Ehlers-Danlos Awareness Month – Fact #4!


In honor of Ehlers-Danlos Syndrome awareness month, here’s EDS fact #4 (info provided by the EDNF): Each type of EDS is a distinct disorder that “runs true” in a family. This means that an individual with Vascular Type EDS will not have a child with Classical Type EDS. 

5 thoughts on “Ehlers-Danlos Awareness Month – Fact #4!

  1. Hey Katie,
    Thanks for all the EDS posts. Had no idea May was a special month–haha. Some EDS info that may be of use to you as I know you’re still not 100% sure–spontaneous mutation is quite rare with EDS (I can’t find a scholarly article on it at the moment, but I’ve read that and believe my geneticist mentioned it) and all of the people I’ve spoken with online can trace their EDS, as can I, although my mother is rather asymptomatic (grandfather was more EDS-y). While it runs true by type, there is a severity spectrum, as in my family. Not sure if Marfan’s is like that or not.

    Also, this would not apply to you, but there are several very rare types (as in around 50 cases in the world!) that are autosomal recessive, meaning you would need each parent to carry the super rare gene (Type VI, which gets keratoconus too, is one of those). So those throw off the typical 50/50, which is true for most of us, as you mentioned. If your mom has little EDS symptoms (and you can’t trace it beyond her), I’d say it’s probably unlikely you have it due to a spontaneous mutation (presuming your father is/was *normal*) . New research project for you–I did find info, but not in any journals and we can’t access them all like a Dr. can. OK,, my vision is going, going, gone now…
    A (Thanks again for all the EDS info you posted!)


    • Thanks for the info as always!! I had been trying to find out the rate of mutation in EDS – yours is about the third different number I’ve gotten lol!

      So far the most likely to be accurate number I’ve seen says that it’s estimated about 50% of EDS cases are caused by spontaneous mutation. Also when I asked the EDS group about it they all answered that it’s 50%. Here’s the link to one of the other articles in case you’re ever bored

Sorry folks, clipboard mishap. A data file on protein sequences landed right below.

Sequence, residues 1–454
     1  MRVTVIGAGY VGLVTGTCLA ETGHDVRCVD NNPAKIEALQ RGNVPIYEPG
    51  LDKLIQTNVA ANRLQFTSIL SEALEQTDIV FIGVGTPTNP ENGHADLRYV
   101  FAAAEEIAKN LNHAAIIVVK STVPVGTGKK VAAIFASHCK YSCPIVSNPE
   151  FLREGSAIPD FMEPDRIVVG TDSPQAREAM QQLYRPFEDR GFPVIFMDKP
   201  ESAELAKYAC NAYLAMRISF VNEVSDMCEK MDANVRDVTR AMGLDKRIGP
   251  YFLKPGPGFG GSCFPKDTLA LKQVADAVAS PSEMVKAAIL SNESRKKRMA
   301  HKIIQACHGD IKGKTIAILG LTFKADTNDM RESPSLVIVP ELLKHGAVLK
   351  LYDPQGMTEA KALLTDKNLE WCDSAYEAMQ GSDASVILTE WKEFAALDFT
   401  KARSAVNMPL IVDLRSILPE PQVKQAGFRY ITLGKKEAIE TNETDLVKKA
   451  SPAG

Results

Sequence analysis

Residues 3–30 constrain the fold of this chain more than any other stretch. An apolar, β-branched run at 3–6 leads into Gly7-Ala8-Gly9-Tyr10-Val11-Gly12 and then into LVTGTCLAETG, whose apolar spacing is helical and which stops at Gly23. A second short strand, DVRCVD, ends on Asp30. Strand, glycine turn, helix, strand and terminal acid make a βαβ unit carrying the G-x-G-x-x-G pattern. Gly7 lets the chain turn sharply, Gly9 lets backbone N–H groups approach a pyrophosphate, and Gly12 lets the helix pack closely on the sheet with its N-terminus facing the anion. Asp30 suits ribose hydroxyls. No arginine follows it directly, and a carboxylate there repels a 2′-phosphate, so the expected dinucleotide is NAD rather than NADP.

Marfan Syndrome is definitely like EDS in severity variations, even in the same family.

      And I did just recently learn when I was researching for the facts that a couple of types of EDS are autosomal recessive. That I didn’t know before! (It will be mentioned in the facts later on) :) I do see that I forgot to mention that in the comment below. I’m habitually used to talking about type 3 (the type I’d most likely have if I did have EDS based on my symptoms) without specifying it or separating it from the other types. I think I got into that habit from dealing with and talking about MFS for so long – just used to referring to it altogether.

      Hoping you’re well – or should I say as well as can be lol



      • Hey,

        I’ve never heard anything about 50% (found it within the article–thanks!). What the heck did I read? Maybe it’s because I’m always talking to the Type III crowd as it’s so much more common. Weird. Why can’t I remember what the geneticist said? She did this big family tree and everything. I blame my pain and vision for it all!!! Haha.

        Well, I think another problem with diagnosing people (who aren’t super familiar) is that you don’t need all the criteria. I read about my type and am going, “?” I’m not overly hypermobile (but am in certain joints) and only have slightly hyperextensible skin–not crazy about how they grouped I and II. I have enough oddities to not doubt my Dx this time, though (especially the other skin issues). Oh, I wouldn’t even bother with those recessive types, so rare it’s more likely to get struck by lightening. :)



    • Not always. Like Marfan Syndrome there is a chance of ‘spontaneous mutation’ – meaning you end up with the disorder but neither of your parents have it. With MFS this happens about 25% of the time. I’m not positive what number that is for EDS but I think it would be about the same.

      For now this seems to be how I got mine, but I wouldn’t be too surprised if my mom actually passed it to me (she has many rare, mysterious medical problems, not to mention we are extremely alike in virtually every way).

      If you have either of those disorders there’s a 50/50 chance that each child you have will also inherit it.


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